Obviously there is a difference between the image that many christians of today like to project and the biblical picture of the happy christian, that we have in Matt chapter 5. Does this really matter? Of course it does. The question of motivation comes strongly into it, and motivations are the really important things. It is not just what we do that is important, but why we do it. The worry is that the believer who is more concerned about what the world thinks of him, than about what God thinks of him, is wrongly motivated, because it is what God thinks of us that is important. We are told in 1 Samuel 16:7 in words spoken by God to Samuel, “Man looks on the outward appearance, but the Lord looks upon the heart”.
If we are christians, and truly RightWithGod, we will have a strong desire to get beyond the ‘child’ stage in our christian lives. This means that we must “put away childish things” (1 Corinthians 13:11). We must put away our ‘image building’ and seek the honour and glory of God above all things. We must seek to be like Elijah who was able to say, “I have been very jealous for the Lord God of hosts”(1 Kings 19:14). We should have something of that jealousy for the honour and glory of God, even though we are not prophets.
Let us examine our motives with honesty and sincerity, calling on the help of the Holy Spirit, the Great Enabler, to help us to get this very important area of our lives right, and to keep it right.
We all become children of God the moment we are born again. We are “begotten again unto a lively hope by the resurrection of Jesus Christ from the dead”(1 Peter 1: 3). Yes, at the moment we are born again, we experience a resurrection in our souls which is a spiritual parallel to the physical resurrection of Jesus Christ. There is an instant in which this happens, but God usually hides this from us for our good. By nature we are prone to boast about any experiences we might have. Although that great instant is hidden from us, we soon sense the effects that it has on us. Our desires, inclinations and tastes begin to change. The detail of this varies from person to person, but in every case there will be a general swing away from the satisfactions of this world to the satisfactions of the spiritual life.
But here, as is often the case, God shows himself to be the God of the second mile. What we have described above is the first mile, where we are made the spiritual offspring of God. The second mile is, that God puts His Spirit within us to dwell there permanently, and by doing so, God is adopting us into His family making us more than offspring. We enter into a true Father/child relationship with God, and the Spirit who now dwells within us enables us to instinctively address God with humble confidence as Father. This is why the Holy Spirit is called ‘the Spirit of adoption. As Romans 8: 15, 16 puts it, “ye have received the Spirit of adoption, whereby we cry, Abba, Father. The Spirit Himself bears witness with our spirit that, that we are the children of God”. (The words, Abba, Father, are simply the same word repeated, ‘Abba’ being like the Hebrew word for ‘Father’. Truly, our God is the God of the second mile.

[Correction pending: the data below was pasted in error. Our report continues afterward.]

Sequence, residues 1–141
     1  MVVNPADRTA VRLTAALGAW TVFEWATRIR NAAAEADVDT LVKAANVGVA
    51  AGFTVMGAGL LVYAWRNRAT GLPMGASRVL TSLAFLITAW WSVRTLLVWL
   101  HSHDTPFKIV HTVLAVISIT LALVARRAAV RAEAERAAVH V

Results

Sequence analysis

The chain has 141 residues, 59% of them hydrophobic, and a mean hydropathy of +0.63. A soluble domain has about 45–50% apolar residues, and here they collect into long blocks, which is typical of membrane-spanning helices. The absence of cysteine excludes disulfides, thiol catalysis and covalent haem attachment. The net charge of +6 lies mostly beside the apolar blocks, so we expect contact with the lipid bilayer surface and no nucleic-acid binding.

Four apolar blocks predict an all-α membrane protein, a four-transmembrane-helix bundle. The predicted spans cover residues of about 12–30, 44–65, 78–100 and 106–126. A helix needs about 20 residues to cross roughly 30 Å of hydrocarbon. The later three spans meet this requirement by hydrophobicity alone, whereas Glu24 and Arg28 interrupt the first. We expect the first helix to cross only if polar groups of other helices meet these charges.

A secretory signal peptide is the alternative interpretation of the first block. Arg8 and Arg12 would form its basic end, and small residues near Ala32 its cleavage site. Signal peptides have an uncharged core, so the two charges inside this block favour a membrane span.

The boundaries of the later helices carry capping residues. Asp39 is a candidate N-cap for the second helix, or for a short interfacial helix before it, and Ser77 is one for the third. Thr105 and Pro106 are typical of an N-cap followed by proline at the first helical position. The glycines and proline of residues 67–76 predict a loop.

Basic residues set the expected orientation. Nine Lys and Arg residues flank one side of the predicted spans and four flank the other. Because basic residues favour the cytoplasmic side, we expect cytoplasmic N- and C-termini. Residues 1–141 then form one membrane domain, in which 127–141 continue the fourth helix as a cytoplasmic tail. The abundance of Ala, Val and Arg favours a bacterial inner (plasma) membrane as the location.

This is often the way that God conveys assurance of salvation to the believer. Every true believer wants to have assurance that he or she is truly saved. Now, our first instinct is to know that we have truly believed, and that our sins are forgiven, because Christ has bourne them for us. God does not usually give us that information directly, but He sooner or later gives it to us indirectly. We have already mentioned changed desires and inclinations. Here is another way in which he gives us assurance: by enabling us to address Him Affectionately and reverently as ‘Father’, knowing that He delights in hearing it.
Of course, there are many other aspects of the Father/child relationship, which we do well to keep before us. There are all the protections, privileges and provisions that come with this relationship; there is also the discipline which comes with it, and the loving Fatherly chastisement which often goes with that discipline.
“O the depth of the riches both of the wisdom and knowledge of God!” (Romans 11:33).
The title is part of 1 Peter 1:22, which reads, “Seeing you have purified your souls in obeying the truth through the Spirit unto unfeigned love of the brethren, see that ye love one another with a pure heart fervently”. The word, ‘unfeigned’ is used four times in the bible: one other time in reference to love as here, and twice to describe true faith. It is a very demanding word for the serious christian. We are commanded to love one another; not just those we like, but all who are Christ’s. We are to love them because they are Christ’s; and we have to love them unfeignedly, that is, sincerely. Let us look more closely at this word.